'Hangover Part II' tattoo lawsuit could force Warner Bros. to give Ed Helms total makeover


Image Credit: Melinda Sue Gordon

Take a good look at Ed Helms’ face. His character’s Maori-style face tattoo in The Hangover Part II is at the center of the lawsuit brought against Warner Bros. by S. Victor Whitmill, the artist who famously painted HangoverĀ co-star Mike Tyson with a similar design. Earlier this week, Warner Bros. told a court that it was preparing to digitally alter Helms’ tattoo for the film’s home-video release, if a settlement with Whitmill could not be reached by that time.

The technology to change the tattoo is not complicated, though it’s not cheap either. But how far will Warner Bros. go with it? Is it just a matter of a slight tweak to differentiate the tattoo from Whitmill’s original work? If so, where is the line exactly that would make Helms’ tattoo no longer derivative? Or will the filmmakers start from scratch, and digitally brand Helms with a totally different mark?

“I’m sure they will change the entire thing,” says Larry Zerner, a Los Angeles-based entertainment lawyer specializing in copyright matters. “Just adding a few tweaks to the existing design will not be enough. The practical problem in this case [for Warner Bros.] is that … the judge reportedly said [the lawsuit] had a strong likelihood of success on the merits, so Warner Bros. is probably not going to risk making a small change and hope that the court rules that was enough. The risks of an injunction are way too high.”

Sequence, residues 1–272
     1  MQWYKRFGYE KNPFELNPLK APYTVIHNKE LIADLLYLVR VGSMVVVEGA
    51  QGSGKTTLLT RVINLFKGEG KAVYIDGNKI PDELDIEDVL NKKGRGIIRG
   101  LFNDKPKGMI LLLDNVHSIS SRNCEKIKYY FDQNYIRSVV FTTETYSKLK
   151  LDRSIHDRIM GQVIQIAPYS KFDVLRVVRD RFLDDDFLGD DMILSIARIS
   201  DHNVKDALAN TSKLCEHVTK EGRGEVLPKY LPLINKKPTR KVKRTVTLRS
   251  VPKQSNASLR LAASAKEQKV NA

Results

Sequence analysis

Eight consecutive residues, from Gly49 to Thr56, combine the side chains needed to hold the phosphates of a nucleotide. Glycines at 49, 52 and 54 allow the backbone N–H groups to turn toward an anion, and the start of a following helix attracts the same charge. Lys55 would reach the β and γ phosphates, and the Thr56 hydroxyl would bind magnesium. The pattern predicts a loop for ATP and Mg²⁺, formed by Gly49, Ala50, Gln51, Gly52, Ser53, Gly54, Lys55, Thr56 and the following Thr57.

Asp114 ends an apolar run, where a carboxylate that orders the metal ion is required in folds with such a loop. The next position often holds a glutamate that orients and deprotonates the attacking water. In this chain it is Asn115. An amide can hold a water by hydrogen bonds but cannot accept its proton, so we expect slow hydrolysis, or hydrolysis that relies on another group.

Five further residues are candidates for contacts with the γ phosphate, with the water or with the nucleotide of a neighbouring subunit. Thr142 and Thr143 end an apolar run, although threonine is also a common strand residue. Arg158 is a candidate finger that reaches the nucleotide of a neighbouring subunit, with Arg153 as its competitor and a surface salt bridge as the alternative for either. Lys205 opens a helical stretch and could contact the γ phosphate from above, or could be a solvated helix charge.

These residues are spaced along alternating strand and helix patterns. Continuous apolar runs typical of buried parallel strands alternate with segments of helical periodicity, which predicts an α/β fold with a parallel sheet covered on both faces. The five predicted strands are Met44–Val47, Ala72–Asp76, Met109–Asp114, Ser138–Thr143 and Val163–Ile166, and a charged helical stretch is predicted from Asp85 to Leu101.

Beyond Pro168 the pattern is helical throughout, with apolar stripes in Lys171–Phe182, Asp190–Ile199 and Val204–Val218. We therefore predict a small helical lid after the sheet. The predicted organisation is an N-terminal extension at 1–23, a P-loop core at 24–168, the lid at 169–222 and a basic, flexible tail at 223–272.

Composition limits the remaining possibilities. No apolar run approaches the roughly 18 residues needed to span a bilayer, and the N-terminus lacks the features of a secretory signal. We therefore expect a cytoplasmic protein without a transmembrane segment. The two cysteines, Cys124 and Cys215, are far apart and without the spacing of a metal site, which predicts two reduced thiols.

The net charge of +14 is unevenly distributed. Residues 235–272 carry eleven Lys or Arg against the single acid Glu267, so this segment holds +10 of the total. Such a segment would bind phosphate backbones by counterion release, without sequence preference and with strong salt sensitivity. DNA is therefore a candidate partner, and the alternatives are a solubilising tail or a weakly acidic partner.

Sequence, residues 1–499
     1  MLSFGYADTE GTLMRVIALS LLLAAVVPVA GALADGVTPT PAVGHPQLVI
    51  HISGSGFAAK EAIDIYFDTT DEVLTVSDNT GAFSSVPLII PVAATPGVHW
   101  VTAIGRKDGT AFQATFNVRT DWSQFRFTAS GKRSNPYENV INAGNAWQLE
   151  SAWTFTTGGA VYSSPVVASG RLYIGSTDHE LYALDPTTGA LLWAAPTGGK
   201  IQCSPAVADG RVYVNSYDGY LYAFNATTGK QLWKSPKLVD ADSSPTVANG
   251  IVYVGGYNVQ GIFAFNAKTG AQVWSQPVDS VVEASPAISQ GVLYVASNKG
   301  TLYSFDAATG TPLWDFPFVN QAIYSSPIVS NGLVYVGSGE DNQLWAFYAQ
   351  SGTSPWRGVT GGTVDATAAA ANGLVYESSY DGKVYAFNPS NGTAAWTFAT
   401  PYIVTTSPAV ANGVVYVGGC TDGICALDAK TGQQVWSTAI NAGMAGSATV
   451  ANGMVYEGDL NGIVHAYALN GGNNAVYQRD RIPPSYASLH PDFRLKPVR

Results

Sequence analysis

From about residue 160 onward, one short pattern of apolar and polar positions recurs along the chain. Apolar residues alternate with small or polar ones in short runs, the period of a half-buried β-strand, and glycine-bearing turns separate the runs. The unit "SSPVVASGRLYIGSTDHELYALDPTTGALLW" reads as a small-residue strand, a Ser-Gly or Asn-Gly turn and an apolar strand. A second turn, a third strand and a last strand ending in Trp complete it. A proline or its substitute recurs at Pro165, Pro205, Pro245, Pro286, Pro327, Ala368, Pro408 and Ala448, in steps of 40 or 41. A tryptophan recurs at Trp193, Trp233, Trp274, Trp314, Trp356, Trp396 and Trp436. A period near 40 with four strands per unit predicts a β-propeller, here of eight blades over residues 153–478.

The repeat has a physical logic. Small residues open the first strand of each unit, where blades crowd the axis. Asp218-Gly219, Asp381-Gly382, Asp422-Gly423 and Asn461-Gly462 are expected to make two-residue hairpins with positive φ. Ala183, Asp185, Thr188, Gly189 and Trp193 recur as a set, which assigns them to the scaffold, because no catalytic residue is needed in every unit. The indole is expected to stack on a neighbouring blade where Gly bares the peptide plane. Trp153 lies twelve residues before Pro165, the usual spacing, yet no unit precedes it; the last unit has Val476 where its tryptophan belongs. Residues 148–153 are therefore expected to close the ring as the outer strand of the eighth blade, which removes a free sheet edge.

In just 14 days of release, The Hangover Part II has grossed $347 million globally.

Read more:
Warner Bros. releases ‘Hangover Part II,’ tattoo case continues

Comments (8 total) Add your comment
  • Derek

    How isn’t the tattoos appearance considered parody.

    • googie

      good point!

    • Maddy

      Well, just because something is used in a humorous way doesn’t automatically make it a parody. I haven’t seen the movie, but I think there needs to be more commentary, social or otherwise, to qualify.

    • Ana

      That’s probably what the filmmakers were going for. The problem is that the artwork belongs to the artist not Mike Tyson and they didn’t get his permission to use it.

  • star jonestown

    This is PR pap reported as a real possibility.

    They will settle – they should have settled months ago.

    It would be way more expensive to change it than it would’ve to have settled initially. This posturing on their part is an empty threat. It would alter the scene’s intent & destroy the integrity of what they made.

  • John Doe

    Serves them right, The Hangover films are absolutely horrible.

  • donald Aros

    is the tattoo artist going to pay the maori artists that he “borrowed” from?

  • Columns – Bubble Shooter

    This is a nice write-up. I will spend more time studying this subject.

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